My sympathy to my hon. Friend’s constituent; chronic pain is one of the conditions for which cannabis can be very beneficial, and I hope he can find a way forward. I will talk briefly about GPs. My hon. Friend is right that they specialise, but part of the problem with GP training and medical training in general is that there is very little training on the cannabinoid system, so I would not expect all GPs to come forward. She anticipates my remarks, so I will move on, but the point is that there is sufficient interest from GPs to enable her constituent to find somebody who could help with his condition.
I should perhaps be clear that I am not expecting GPs to initiate a prescription for some of the very rare and specialist conditions, such as some of the epilepsy conditions we have talked about, although for childhood epilepsy GPs are currently allowed to continue a prescription that has been initiated by a specialist. Many other conditions that can be effectively treated by cannabis-based medicines, however, are what we might call GP conditions, and chronic pain would be one of them. Enabling trained GPs to prescribe medical cannabis should improve access for patients with symptoms commonly dealt with by GPs, such as chronic pain, muscle spasms, nausea and anxiety. Currently, patients would have to go to a private specialist doctor to access the medicine for one of those conditions. Although GPs would not be initiating prescriptions for the rare and severe patients, training more GPs could result in better outcomes for people with those conditions, such as intractable epilepsy, because their initial consultation with a GP could be more informed about cannabis as a useful treatment and could result in more effective referrals to consultants who could prescribe the medicine.
I emphasise that inclusion on the register would be on an opt-in basis for GPs. I would not expect all GPs to be required to take on the prescription of cannabis, but a significant number—the polling suggests 24%—would be willing to do so. Under the current law, a GP is not allowed to initiate prescriptions, but I am told that 73% are open-minded about playing more of a role in the prescription of medical cannabis.
Those are the two proposals in the Bill. I will briefly outline a few suggestions that have been put forward to me as alternative ways to allow patients to get the medicine they need. A number relate to the evidence base and some relate to funding, because one problem, of course, is the cost of prescriptions. One way forward could be a fund to temporarily pay the cost of the private prescriptions for patients with certain conditions, such as treatment-resistant childhood epilepsy. I know a number of hon. Members in the Chamber have called for that. I cannot propose that in a private Member’s Bill, because it is a spending commitment, but I hope the Government will consider it as a way forward, particularly for the cohort of patients with childhood epilepsy. It would be a discretionary fund to fund private prescriptions for those who need them in the interim while our collective failure to allow NHS prescribing is sorted out.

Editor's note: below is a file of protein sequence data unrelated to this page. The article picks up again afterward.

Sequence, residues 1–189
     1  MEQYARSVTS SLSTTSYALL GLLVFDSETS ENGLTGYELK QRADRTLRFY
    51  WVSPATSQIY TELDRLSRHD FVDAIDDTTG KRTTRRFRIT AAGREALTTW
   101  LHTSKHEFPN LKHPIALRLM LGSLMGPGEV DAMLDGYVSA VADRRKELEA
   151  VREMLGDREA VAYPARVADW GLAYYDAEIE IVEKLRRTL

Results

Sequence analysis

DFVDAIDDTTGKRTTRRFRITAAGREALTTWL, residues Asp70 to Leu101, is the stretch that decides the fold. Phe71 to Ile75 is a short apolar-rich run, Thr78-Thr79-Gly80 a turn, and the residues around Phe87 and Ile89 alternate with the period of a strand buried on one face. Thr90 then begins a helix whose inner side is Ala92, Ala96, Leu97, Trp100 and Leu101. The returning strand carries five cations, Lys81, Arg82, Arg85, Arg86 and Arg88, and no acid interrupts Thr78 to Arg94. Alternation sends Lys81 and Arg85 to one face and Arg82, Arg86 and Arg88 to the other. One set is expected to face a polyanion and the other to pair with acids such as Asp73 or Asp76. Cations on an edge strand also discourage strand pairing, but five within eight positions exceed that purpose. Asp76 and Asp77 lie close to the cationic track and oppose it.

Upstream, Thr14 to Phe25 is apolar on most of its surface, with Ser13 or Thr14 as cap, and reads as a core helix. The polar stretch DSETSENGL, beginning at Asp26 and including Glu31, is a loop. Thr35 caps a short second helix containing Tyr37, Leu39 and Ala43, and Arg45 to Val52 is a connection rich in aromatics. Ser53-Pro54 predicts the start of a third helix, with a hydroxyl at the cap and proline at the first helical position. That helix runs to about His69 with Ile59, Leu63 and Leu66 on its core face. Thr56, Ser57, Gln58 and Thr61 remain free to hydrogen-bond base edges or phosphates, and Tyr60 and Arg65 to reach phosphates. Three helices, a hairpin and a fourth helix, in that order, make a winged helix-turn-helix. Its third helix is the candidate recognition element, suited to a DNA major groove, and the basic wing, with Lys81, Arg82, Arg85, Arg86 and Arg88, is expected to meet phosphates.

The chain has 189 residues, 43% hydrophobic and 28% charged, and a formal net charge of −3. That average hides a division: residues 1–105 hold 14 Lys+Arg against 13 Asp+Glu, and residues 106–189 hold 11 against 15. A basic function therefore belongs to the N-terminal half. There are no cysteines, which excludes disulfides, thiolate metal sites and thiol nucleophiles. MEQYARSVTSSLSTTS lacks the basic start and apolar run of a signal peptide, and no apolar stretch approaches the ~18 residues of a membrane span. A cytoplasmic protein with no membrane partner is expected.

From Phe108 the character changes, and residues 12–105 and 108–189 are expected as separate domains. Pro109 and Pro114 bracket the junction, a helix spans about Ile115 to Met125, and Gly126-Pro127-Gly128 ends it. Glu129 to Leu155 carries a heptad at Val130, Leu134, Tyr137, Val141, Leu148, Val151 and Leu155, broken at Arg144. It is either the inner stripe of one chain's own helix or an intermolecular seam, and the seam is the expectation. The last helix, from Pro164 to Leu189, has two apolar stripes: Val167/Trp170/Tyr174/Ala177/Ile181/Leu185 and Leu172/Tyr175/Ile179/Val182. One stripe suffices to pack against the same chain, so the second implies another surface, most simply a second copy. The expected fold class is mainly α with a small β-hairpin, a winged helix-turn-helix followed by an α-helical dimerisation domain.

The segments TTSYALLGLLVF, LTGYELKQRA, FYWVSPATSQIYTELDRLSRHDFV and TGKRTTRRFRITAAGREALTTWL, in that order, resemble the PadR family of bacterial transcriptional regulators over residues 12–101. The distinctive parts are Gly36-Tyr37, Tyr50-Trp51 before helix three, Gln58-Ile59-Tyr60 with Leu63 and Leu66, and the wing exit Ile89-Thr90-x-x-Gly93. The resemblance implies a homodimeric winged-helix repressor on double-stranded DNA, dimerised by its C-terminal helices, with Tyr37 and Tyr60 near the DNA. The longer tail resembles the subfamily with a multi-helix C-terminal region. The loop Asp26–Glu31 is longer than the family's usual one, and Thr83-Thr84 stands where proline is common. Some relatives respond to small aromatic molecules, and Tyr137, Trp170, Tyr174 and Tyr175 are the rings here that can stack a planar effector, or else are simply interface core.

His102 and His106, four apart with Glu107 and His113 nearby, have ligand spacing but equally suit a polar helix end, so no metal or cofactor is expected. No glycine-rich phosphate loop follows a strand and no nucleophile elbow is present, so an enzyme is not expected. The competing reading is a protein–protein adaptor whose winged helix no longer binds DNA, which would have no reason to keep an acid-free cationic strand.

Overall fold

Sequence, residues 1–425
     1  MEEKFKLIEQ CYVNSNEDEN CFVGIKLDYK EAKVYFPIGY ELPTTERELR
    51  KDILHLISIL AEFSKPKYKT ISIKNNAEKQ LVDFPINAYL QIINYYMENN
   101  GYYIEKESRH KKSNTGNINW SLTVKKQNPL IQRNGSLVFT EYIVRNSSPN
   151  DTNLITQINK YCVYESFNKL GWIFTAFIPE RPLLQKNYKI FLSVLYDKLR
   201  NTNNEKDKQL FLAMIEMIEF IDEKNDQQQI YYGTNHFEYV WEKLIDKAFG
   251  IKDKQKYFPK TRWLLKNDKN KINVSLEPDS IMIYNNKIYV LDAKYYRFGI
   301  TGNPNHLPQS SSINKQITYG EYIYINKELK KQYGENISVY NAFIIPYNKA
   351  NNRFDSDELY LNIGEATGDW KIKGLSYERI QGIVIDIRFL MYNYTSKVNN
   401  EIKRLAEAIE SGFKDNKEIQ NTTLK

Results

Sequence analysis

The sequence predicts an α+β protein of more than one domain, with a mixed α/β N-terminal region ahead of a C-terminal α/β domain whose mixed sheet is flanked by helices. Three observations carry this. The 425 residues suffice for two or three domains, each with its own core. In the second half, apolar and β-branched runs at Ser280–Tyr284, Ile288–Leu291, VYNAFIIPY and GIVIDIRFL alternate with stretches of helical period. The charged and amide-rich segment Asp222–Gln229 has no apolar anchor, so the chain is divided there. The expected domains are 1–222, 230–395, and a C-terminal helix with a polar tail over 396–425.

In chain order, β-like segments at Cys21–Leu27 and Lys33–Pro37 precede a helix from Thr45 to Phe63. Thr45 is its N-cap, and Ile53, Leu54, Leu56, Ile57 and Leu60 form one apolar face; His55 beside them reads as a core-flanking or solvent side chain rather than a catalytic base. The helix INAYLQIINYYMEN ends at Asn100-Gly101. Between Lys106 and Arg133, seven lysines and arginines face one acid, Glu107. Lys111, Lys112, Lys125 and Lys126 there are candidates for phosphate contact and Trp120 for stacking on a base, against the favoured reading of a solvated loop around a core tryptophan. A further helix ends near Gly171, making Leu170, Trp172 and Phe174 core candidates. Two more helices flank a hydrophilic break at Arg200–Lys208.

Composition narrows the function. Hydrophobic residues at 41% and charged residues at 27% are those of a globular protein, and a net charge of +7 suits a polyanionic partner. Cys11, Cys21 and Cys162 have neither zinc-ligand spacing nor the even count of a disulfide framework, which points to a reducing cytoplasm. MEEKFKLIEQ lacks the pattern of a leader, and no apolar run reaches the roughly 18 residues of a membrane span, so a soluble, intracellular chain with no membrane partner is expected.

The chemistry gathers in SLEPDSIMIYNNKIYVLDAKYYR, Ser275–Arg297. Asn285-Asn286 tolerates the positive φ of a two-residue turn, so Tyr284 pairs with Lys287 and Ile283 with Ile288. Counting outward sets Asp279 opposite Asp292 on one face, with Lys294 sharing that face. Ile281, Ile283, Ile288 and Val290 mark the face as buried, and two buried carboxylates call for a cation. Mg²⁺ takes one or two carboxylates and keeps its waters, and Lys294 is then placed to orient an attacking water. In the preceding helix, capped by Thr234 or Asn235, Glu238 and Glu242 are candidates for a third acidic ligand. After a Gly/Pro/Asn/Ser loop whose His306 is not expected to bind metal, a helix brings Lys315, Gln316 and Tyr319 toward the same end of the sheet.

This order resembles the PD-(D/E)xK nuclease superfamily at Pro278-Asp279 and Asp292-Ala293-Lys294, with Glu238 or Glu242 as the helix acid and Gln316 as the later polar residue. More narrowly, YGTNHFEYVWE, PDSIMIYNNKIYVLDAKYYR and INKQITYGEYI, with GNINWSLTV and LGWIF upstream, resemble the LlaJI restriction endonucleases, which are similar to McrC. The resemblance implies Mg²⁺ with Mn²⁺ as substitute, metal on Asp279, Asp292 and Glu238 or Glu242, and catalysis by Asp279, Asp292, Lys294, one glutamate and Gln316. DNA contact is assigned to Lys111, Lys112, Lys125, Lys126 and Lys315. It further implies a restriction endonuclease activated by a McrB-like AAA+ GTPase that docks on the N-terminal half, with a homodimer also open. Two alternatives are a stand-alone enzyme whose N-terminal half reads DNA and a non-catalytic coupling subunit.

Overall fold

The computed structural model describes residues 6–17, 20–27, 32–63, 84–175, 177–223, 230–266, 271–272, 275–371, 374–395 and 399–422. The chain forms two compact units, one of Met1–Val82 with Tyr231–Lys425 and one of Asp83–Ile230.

I hesitate to say this in an arena where rampant Euroscepticism has been known to raise its head, but another suggestion is to allow cannabis-based medicines that have been authorised for use by a state within the European economic area to be prescribed by a medical practitioner as if the product in question has been granted a marking authorisation for the purposes of the Human Medicines Regulations 2012. I think that would be a good way forward—it is a way partly to get around the problem—although I do not expect everybody in the Chamber to support the idea. As we know, these medicines are safe, effective and licensed in lots of countries, such as Holland, and we need to learn from places that enable patients to get their medicine.
On funding, another way forward might be to allow a slice of the NHS innovative medicines fund to go towards epileptic medical cannabis patients. Campaigners were previously told that that could be a way forward, but have been told more recently that it is not because the fund is supposed to be only for cancer medicines. That appears to be an arbitrary Government decision and there appears to be no reason why some of that funding could not be allocated to epileptic medical cannabis patients.